Congress passed the Mint Act on April 2, 1792, and on April 13 Washington nominated David Rittenhouse to serve as Mint Director. Rittenhouse's appointment document (exhibited at the 2012 American Numismatic Association convention in Philadelphia, to the delight of all) was dated the following day, and the new Mint Director quickly went to work acquiring property and "putting into proper condition" the works necessary to produce coinage. Work was sufficiently advanced by July that the Mint was ready to produce coinage. In only three months, Rittenhouse, assisted by acting Chief Coiner Henry Voigt, had turned the property of an old distillery, at 27-29 North Seventh Street in Philadelphia, into a working Mint.
Although not specifically noted in any contemporary documentation, it appears that Thomas Jefferson was given "first right" of the new coinage. The Mint at that time operated under the State Department (today it is operated under the Treasury Department), and Jefferson served as Secretary of State from 1790 to 1793 during Washington's first administration. Jefferson had previously acted in a coordination role with respect to the Comitia Americana medal series during his time as Minister to France in the late 1780s. This, combined with his administrative oversight of the Mint, placed him as a suitable figurehead to be associated with the first coinage. Accordingly, Jefferson recorded in his account book for July 11, 1792, that he: "Delivd. 75 D. at the mint to be coined." On July 13, Jefferson noted: "Recd. from the mint 1500. half-dismes of the new coinage."
Jefferson was busy on July 13, and recorded a large number of transactions prior to the receipt of the half dismes. Jefferson was preparing to leave Philadelphia for his home in Virginia, and, immediately following delivery of the half dismes, Jefferson wrote that he "set out for Monticello." On this journey Jefferson made a good number of exchanges that are denominated in half dismes, and it seems certain that these were from the Mint, for in the days preceding July 13 Jefferson's transactions were typically odd amounts and frequently denominated in pounds, shilling, and pence, rather than dollars and cents. Jefferson's transit from Philadelphia to Monticello marks the consummation of the first United States coinage.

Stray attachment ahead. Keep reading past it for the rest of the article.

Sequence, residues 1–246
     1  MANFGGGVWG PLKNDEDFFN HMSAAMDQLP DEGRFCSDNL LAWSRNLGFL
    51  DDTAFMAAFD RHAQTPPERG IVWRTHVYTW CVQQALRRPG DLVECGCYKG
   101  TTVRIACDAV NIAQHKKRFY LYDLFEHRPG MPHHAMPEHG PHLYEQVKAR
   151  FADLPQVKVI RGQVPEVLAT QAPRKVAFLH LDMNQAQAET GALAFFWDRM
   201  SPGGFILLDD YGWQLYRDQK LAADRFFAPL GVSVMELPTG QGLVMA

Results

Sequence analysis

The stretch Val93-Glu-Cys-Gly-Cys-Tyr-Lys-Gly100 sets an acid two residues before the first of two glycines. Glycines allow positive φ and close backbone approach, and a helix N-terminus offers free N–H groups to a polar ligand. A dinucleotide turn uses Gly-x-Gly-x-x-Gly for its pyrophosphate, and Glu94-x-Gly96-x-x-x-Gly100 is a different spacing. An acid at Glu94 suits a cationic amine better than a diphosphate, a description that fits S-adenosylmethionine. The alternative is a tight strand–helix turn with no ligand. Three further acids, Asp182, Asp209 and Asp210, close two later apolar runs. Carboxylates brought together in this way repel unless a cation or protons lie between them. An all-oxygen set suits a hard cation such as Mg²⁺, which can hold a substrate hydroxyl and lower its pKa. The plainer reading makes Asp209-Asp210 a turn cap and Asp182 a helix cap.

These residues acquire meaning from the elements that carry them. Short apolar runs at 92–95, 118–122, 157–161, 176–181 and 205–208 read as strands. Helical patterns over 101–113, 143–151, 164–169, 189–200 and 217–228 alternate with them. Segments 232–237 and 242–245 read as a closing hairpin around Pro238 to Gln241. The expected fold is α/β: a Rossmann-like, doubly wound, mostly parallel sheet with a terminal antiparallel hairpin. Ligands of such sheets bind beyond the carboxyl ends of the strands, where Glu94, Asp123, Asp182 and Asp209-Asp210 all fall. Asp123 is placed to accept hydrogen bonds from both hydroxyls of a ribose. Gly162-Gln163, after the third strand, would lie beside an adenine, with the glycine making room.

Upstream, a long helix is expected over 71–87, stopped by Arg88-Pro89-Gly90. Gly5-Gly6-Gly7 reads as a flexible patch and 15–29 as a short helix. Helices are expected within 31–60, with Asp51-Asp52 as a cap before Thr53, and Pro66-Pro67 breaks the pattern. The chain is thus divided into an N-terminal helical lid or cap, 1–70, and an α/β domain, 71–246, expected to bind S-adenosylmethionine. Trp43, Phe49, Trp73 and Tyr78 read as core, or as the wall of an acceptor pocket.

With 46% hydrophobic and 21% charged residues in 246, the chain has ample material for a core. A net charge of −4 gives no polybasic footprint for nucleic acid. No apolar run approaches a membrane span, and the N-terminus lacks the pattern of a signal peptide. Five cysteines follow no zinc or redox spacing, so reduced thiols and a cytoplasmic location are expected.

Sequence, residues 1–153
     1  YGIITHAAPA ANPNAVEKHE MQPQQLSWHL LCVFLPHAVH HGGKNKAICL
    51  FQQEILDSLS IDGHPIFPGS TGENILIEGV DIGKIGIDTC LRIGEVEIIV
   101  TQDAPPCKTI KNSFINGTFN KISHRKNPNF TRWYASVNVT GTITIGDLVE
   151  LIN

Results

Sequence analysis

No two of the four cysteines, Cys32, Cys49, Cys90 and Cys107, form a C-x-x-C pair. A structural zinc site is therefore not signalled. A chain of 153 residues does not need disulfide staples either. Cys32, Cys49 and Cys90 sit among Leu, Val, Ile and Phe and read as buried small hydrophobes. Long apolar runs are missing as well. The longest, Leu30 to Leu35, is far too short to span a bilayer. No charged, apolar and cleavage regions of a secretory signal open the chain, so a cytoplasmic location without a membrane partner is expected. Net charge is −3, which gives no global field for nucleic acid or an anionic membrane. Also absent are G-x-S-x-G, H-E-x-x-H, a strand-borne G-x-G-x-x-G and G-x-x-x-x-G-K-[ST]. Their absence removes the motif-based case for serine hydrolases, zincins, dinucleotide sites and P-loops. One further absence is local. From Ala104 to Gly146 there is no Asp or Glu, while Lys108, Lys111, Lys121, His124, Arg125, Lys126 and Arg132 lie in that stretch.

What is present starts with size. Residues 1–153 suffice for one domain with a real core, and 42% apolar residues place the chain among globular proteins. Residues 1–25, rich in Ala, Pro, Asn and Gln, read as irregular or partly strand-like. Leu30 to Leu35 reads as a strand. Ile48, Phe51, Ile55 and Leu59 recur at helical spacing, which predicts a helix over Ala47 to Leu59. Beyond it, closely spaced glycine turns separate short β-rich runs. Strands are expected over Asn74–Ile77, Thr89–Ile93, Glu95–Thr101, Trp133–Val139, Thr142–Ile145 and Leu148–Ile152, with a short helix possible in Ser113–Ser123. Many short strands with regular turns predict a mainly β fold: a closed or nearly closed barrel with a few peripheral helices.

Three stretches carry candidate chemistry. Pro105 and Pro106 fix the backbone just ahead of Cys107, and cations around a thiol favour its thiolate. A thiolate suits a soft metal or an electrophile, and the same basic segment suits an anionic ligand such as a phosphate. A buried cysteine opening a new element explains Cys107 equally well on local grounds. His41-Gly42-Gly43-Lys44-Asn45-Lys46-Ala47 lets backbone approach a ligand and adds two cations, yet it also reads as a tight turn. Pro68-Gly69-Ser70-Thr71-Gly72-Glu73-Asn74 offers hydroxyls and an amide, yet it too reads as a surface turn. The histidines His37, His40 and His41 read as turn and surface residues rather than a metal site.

This wonderful MS62 PCGS 1792 half disme bears additional credentials in being pedigreed to the Bob Simpson Collection, one of the foremost American coin cabinets ever assembled. Lovely patina in coin-gray, blue, and lavender hues complements a notable lack of post-Mint impairments. A few light planchet adjustment marks appear in the center obverse, and the highest points of each side are not absolutely defined, as is typical for the issue. The lower-relief details of the eagle's wing feathers, tail, and the remainder of the hair curls on the obverse, however, are quite sharp. The strike is slightly off-center on both sides. The aesthetic appeal is excellent, and this piece's historic allure is equally compelling. Population: 1 in 62, 16 finer (11/15).
Selections from The Bob R. Simpson Collection.(Registry values: P9) (NGC ID# D93T, PCGS# 11020)
Learn more at the Newman Numismatic Portal at Washington University in St. Louis.
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This 64-page book cites mintage and rarity estimates by prominent numismatists and documents the currently known 1802 half dime appearances. Each of the 32 documented examples includes an enlarged obverse/reverse photograph, the author's assigned grade, the provenance of each coin, auction prices realized or dealer fixed asking price, and a unique serial number for each specimen that will facilitate retrieval for research, cataloging, or price-information purposes. Reserve your copy of this remarkable volume for just $29.95 today.